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Aug 28, 2020

10 min. read

Manitoba day trips that prove you don't have to go far to have a good time.

Lucky are those Manitobans with backyards, especially while sheltering at home! As we venture back out into the world, Canadians have come to appreciate our yards, decks and balconies—but we're itching for more. Road trips are the perfect close-to-home option when you need a change of scenery, cultural enrichment and great food. Gas up for one of these provincial getaways: They'll get you back home before bedtime.



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Though Morden's annual Corn and Apple Festival has been cancelled this year, you might not miss it with all the other offerings in town. Well, no: You will miss drinking fresh cider and line dancing at the harvest celebration, so come back next year when the festival returns. But now is the time to check out some other diversions.

Make your first stop the Canadian Fossil Discovery Centre. Hang out with Bruce, a Guinness World Record-holding mosasaur with three sets of terrifying teeth. Then say hi to a few of his buddies from the late Cretaceous period of earth’s prehistory. The museum also boasts the largest collection of marine reptile fossils in Canada. Local schoolkids often go on fossil-hunting field trips—outings so popular that the museum now offers them to regular visitors. You’re practically guaranteed to dig up a fossil!

For a slightly more modern experience, head to the Pembina Hills Arts Centre, located in a former post office with a centuryold mechanical clock. Try to “time” your trip for when the grand timepiece is being wound.

If history isn’t your thing, get outdoors with a sandy trail walk along Colert Beach, play a round of golf or take in beautiful views over lunch at the course’s clubhouse. And there’s only one place to properly end your day in Morden: the Stardust Drive-in. The nostalgic open-air movie meccas made a comeback during the pandemic, and the Stardust is one of only two still operating in Manitoba. Along with feature films and classics, the theatre is known for its retro treats and only-in-Manitoba snacks, like blueberry perogies.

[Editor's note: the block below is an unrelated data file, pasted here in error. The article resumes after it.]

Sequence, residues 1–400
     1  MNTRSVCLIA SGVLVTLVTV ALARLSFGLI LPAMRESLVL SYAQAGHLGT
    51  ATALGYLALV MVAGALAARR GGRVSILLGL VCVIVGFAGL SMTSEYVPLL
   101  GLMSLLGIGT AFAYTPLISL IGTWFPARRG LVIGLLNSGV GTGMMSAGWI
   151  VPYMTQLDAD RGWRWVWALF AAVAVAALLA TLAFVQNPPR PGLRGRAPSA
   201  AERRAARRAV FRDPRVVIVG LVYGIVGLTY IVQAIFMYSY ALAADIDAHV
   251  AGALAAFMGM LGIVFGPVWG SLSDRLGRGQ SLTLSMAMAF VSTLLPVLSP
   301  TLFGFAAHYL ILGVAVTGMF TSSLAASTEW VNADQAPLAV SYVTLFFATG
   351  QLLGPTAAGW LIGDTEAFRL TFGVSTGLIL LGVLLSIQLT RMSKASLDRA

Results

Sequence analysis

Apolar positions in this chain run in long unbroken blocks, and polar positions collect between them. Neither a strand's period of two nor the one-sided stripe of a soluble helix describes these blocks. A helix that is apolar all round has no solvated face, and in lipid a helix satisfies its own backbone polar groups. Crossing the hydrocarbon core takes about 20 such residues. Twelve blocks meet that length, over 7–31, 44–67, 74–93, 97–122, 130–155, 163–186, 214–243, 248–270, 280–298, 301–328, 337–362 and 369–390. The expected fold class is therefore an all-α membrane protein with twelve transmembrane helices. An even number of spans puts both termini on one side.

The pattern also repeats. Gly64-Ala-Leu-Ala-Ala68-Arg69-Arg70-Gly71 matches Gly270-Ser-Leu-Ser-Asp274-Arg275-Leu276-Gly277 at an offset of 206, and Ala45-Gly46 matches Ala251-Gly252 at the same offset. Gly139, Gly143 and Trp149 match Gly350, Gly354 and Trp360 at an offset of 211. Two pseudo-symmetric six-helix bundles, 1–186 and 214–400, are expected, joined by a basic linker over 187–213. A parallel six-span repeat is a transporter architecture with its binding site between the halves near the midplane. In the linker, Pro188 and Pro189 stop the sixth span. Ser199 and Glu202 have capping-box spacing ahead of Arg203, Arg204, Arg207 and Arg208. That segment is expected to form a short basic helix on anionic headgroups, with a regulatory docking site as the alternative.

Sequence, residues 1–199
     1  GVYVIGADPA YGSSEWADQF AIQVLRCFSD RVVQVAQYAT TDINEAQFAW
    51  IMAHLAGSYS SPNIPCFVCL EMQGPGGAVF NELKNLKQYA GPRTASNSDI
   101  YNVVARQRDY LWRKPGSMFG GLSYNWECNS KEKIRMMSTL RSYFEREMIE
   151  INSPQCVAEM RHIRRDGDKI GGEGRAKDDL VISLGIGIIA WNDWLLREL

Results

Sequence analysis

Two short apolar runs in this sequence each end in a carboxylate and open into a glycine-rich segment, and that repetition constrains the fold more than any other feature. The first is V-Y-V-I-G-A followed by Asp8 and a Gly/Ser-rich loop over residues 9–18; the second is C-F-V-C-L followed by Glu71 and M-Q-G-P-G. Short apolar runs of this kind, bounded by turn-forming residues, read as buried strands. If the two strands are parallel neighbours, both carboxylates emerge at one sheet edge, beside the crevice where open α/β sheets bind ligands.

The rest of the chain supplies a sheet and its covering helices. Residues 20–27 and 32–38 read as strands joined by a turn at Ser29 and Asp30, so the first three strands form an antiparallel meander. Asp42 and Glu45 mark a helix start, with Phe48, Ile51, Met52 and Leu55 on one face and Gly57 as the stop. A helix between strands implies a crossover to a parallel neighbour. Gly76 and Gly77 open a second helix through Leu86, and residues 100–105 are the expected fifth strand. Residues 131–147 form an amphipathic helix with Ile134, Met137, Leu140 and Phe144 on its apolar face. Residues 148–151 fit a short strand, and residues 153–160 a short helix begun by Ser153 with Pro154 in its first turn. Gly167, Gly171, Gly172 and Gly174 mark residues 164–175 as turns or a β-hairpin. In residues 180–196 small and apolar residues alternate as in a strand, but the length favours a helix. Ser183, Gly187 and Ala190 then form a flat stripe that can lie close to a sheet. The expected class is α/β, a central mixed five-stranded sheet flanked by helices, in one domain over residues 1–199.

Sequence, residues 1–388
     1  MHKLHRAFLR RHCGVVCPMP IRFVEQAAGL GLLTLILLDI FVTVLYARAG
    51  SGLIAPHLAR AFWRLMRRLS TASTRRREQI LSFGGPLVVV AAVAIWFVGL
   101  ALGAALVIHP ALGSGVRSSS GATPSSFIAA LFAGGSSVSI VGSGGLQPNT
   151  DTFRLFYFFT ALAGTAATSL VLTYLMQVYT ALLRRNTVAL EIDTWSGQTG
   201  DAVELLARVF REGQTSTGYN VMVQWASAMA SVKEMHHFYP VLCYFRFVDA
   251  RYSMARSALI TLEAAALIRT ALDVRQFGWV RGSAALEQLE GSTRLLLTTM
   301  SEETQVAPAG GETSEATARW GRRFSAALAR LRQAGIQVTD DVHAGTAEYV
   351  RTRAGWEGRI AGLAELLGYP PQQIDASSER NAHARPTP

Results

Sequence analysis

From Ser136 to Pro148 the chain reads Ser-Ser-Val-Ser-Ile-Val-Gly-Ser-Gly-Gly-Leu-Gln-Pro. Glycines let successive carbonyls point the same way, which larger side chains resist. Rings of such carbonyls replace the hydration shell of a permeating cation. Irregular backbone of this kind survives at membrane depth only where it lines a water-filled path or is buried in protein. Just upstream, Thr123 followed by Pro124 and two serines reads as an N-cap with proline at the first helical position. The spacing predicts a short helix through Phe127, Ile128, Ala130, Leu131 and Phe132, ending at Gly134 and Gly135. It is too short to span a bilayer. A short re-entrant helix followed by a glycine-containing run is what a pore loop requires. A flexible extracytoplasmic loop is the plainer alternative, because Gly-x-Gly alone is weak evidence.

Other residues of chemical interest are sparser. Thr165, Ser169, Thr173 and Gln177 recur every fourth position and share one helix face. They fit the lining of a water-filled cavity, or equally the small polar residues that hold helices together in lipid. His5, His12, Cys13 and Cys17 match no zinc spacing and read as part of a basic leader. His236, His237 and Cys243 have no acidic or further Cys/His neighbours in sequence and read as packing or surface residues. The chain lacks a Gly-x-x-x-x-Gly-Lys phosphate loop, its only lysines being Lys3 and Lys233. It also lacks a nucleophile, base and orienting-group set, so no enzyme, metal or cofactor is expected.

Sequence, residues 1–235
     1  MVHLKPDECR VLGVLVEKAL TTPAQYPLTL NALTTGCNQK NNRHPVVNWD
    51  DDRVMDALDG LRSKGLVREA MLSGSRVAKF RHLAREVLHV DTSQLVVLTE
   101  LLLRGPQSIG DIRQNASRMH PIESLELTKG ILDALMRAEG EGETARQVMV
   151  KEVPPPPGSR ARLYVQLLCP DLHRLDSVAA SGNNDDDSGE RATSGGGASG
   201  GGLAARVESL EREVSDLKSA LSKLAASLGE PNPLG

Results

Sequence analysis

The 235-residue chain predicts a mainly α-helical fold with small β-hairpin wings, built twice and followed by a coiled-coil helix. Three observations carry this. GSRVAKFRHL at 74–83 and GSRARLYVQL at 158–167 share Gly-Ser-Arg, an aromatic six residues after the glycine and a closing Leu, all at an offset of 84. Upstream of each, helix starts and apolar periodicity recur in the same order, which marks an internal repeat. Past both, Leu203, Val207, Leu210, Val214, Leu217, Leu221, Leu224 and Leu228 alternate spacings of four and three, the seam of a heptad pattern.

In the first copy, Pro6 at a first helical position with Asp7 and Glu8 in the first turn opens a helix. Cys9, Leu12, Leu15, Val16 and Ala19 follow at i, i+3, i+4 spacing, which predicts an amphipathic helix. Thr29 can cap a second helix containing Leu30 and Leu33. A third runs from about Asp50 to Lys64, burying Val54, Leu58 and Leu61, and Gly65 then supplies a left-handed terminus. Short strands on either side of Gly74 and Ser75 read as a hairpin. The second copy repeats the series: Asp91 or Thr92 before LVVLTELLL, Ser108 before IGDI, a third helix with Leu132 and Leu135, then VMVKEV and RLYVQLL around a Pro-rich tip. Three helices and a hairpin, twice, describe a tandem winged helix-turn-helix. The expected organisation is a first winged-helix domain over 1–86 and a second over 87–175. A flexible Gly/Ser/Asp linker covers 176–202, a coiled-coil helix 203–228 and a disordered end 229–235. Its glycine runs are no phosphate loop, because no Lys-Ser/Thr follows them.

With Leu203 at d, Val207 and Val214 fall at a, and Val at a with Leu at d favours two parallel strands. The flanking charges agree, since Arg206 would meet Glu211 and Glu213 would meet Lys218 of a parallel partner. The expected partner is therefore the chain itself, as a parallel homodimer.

A man is playing golf on a golf course near the ocean.

Buffalo Point.

A map showing the route from winnipeg to buffalo point.

In the very southwest corner of the province, Buffalo Point Resort belongs to the Buffalo Point First Nation, an Ojibway band government. With stunning Lake of the Woods Canadian Shield landscapes, it's the perfect place to recharge your batteries.

The cabins and campgrounds comprising the resort are popular for overnight stays overlooking a sandy bay. But the area provides ample activities to fill a day trip too. A tipi-shaped cultural centre is a meeting place for tours to explore the history of the Buffalo Point Ojibway people. Listen and learn as elders guide you through local art, architecture and artifacts that reveal Buffalo Point's historical significance.

For centuries, the area has been a place of healing for the Anishinaabe. Participate in a smudging ceremony with traditional purifying ingredients, including sweetgrass, sage and cedar. Relax on the huge stretch of public white-sand beach or spend time on the links at the Lake of the Sandhills Golf Course in Buffalo Point, with its scenic Muskeg Bay backdrop. Foodies can cast a line to catch their own dinner.

If you prefer dinner served rather than caught, grab a table at the resort's Fire and Water Bistro, winner of the 2019 ITAC Inspiring Indigenous Culinary Award. The restaurant earned top honours for its braised bison, served on a bed of Reed River wild rice. Harvested from the nearby Reed River, the rice has been a staple in Anishinaabe cooking since the 1700s. Nibble on a selection of wild berries and ice cream to cap off your evening.